Issue Brief: State Regulators Must Take Action to Ensure Patients Get Care When They Need It

Harmful Insurance Company Practices Threaten Patient Care 

The Issue

Patients should be able to count on their insurance companies to cover medically necessary, appropriate health care services without delays or improper denials. Yet too many Californians are facing a grave and growing threat to their ability to access critical health care services due to the harmful business practices of many insurers that focus more on the bottom line than on patients.

Access to timely and vital health care services for patients is too often being choked due to practices such as excessive prior authorization mandates, inadequate provider networks, and improperly denied or delayed payments for care provided. These self-serving practices hurt patients and the clinicians who care for them.

According to a recent survey of California hospitals, 9% of patients — 4,500 people every day — face discharge delays of at least three days after they have been medically cleared for release. Many of these delays are due to insurance barriers. In some extreme cases, patients (especially those experiencing a behavioral health issue) have languished unnecessarily in hospital beds for as long as a year because their insurers do not have adequate provider networks to care for patients after they leave the hospital. Patients enrolled in managed care plans experience these delays at higher rates than those who have fee-forservice coverage such as traditional Medicare.

Care that is delayed is care that is denied. When patients are forced to stay in the hospital longer than necessary, it means medical decisions are being made by insurance companies instead of doctors. It also means worse health outcomes for patients who may need more specialized care.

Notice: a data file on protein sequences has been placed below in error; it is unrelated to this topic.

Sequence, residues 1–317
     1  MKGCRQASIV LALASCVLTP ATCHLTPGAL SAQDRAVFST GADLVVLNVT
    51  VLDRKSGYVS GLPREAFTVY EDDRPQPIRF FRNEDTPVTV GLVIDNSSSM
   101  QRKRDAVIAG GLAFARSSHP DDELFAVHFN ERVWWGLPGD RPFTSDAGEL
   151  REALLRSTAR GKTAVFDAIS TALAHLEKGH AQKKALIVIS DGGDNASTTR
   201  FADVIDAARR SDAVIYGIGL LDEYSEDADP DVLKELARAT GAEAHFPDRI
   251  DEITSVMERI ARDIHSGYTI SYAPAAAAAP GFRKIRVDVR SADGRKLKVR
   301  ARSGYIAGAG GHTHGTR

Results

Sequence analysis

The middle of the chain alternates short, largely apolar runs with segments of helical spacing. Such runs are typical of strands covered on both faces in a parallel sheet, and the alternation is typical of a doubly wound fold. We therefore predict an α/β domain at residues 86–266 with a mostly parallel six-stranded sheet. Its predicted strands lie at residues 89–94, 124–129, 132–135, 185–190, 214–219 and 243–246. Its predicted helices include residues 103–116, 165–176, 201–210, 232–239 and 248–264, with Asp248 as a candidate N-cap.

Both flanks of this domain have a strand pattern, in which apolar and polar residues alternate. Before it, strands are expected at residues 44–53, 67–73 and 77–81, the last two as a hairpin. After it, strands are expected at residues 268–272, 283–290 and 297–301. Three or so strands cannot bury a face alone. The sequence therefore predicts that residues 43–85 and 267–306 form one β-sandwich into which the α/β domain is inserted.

California has strong laws regulating insurance company practices, but a lack of enforcement has allowed some insurers to avoid their responsibilities. For example, many insurers request reams of paperwork before approving claims, with the hope that hospitals will ultimately give up on trying to receive reimbursement for the care they provided. These ploys result in patients and providers suffering, while insurers profit.

What’s Needed

State regulators must take immediate action to ensure patients get the care they need when they need it. This includes:

  • Requiring insurers to pay — in full — the cost of hospital care for patients whose discharge is delayed due
    to inadequate post-hospital care networks or prior authorization delays or denials
  • Directing insurers to specify all reasons for contested or denied claims payments within existing deadlines
  • Mandating insurers pay for all care that has been authorized or does not require prior authorization